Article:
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Today is San Jacinto Day! In celebration of the decisive Sam Houston led victory over Santa Ana that insured Texas' independence from Mexico.

http://www.thc.texas.gov/news-...utes-san-jacinto-day

And it also in conjunction with this historical day that Texas Aggies worldwide celebrate Aggie Muster.
Aggie gather to remember their days at A&M and honor those Aggies that have passed on in the preceding year. Whoop!:

http://www.aggienetwork.com/muster/

http://www.aggienetwork.com/muster/#mustertradition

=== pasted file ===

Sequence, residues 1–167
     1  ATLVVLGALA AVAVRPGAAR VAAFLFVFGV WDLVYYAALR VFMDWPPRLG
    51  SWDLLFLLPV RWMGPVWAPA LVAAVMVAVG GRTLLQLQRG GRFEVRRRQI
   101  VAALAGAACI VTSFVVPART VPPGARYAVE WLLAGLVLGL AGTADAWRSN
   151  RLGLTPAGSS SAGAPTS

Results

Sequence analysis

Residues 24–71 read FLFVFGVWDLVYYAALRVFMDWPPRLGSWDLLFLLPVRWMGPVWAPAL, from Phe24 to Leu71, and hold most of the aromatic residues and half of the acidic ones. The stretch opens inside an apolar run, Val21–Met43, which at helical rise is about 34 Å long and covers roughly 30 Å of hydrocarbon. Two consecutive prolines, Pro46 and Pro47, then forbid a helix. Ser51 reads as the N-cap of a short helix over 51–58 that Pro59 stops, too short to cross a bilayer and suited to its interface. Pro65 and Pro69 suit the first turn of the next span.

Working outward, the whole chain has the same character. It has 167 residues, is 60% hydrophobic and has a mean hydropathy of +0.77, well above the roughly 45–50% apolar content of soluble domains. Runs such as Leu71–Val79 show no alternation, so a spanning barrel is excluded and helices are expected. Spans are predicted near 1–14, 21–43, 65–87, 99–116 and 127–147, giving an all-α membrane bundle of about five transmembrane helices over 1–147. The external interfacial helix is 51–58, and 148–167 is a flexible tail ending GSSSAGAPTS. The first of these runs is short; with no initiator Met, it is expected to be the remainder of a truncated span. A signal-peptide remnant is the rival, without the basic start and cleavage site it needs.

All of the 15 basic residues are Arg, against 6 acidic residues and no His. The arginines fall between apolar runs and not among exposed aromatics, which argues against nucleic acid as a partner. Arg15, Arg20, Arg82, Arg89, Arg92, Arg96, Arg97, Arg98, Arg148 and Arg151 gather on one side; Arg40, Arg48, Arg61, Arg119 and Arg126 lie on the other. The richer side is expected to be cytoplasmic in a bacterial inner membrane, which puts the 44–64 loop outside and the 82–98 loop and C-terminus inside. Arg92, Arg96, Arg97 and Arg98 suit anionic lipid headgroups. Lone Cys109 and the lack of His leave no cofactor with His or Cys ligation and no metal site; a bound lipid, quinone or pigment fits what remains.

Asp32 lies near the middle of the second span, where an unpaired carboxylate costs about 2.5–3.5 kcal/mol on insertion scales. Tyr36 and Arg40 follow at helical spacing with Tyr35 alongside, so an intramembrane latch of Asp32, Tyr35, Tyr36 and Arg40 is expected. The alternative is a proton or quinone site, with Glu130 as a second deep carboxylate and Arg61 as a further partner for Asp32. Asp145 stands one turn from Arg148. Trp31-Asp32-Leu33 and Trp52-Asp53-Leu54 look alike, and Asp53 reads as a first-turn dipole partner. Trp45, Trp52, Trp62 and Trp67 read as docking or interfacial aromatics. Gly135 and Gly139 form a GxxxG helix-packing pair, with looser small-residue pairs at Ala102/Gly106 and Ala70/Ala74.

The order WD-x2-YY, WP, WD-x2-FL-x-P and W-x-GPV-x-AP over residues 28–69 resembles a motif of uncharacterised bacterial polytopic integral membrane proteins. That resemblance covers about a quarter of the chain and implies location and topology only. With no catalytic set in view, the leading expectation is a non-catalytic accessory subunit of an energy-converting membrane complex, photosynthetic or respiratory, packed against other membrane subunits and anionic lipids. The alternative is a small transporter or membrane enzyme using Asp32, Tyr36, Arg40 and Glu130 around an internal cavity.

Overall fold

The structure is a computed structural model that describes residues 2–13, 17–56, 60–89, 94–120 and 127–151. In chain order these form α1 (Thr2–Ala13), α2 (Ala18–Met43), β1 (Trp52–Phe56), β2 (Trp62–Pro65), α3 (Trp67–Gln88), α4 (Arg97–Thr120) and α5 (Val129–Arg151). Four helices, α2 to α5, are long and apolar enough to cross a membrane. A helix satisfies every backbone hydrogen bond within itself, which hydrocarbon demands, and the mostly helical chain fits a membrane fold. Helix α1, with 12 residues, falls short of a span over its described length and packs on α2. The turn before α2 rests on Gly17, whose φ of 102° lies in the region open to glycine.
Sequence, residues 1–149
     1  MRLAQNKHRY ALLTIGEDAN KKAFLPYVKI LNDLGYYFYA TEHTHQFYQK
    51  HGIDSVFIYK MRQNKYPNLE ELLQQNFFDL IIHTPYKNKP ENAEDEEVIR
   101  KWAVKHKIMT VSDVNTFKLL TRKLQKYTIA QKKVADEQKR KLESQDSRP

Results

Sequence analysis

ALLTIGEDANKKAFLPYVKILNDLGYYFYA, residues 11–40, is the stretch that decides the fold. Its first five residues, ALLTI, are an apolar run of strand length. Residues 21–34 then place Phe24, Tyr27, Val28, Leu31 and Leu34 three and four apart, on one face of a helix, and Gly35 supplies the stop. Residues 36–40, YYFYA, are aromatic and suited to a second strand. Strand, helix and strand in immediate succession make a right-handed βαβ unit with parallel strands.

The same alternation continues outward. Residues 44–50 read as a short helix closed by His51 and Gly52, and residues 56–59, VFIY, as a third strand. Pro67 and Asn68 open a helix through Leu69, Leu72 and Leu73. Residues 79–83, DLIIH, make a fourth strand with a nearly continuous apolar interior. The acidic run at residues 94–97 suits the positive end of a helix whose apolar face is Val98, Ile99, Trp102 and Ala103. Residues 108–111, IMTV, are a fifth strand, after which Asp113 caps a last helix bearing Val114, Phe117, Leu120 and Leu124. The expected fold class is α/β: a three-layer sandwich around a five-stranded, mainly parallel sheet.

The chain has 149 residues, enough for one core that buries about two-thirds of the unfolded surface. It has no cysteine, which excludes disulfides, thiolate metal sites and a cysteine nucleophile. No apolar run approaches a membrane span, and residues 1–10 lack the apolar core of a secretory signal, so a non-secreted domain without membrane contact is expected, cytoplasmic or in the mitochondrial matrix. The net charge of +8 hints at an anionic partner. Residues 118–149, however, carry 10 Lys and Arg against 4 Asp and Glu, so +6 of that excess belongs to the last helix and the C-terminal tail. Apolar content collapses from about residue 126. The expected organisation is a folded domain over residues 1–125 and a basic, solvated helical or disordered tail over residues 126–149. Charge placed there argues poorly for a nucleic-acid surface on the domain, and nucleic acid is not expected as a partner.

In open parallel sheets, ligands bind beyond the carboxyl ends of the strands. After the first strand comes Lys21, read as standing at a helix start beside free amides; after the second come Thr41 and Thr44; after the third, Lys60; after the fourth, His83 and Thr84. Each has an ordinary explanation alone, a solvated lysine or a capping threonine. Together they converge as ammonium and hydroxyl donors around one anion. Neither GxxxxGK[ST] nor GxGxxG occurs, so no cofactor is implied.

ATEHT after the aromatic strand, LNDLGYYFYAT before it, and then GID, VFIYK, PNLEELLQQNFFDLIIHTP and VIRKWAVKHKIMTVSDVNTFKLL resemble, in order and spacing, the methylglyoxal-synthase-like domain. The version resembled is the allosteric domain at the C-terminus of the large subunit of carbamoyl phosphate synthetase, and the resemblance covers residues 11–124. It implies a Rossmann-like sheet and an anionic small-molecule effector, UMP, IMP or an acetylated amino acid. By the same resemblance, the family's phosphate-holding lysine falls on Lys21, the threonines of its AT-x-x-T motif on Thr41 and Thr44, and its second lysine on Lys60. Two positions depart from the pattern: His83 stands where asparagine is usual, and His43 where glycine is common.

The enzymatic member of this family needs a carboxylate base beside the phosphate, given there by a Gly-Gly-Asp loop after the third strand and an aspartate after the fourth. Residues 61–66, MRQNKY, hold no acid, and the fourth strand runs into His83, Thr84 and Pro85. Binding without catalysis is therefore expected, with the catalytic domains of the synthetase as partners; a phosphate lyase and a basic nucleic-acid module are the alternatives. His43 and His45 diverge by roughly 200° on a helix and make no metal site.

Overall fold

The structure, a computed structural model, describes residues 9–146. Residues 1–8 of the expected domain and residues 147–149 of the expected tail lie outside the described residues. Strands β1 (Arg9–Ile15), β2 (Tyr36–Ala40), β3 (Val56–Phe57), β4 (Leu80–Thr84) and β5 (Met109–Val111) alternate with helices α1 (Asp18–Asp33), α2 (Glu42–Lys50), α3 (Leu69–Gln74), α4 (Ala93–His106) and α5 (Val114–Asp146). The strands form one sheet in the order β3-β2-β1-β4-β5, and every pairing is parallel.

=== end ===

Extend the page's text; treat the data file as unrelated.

One of the neat things for me about the Muster on Corregidor in 1946, commemorating the one held in 1942, was that one of the attendees was a neighbor our ours. We can look at the picture and, say we knew that man. And his kids and grandkids were able to see him commemorated in a display about that event at College Station..


William Gullette
 
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It certainly is!

I did not know Aggies mustered on this date. It's only fair. Texas Exes gather on Texas Independence Day, March 2. When I was in school, the Aggies gathered the day after Thanksgiving, to sing "Wait 'til next year" together, a muster of sorts.




Luckily, I have enough willpower to control the driving ambition that rages within me.

When you had the votes, we did things your way. Now, we have the votes and you will be doing things our way. This lesson in political reality from Lyndon B. Johnson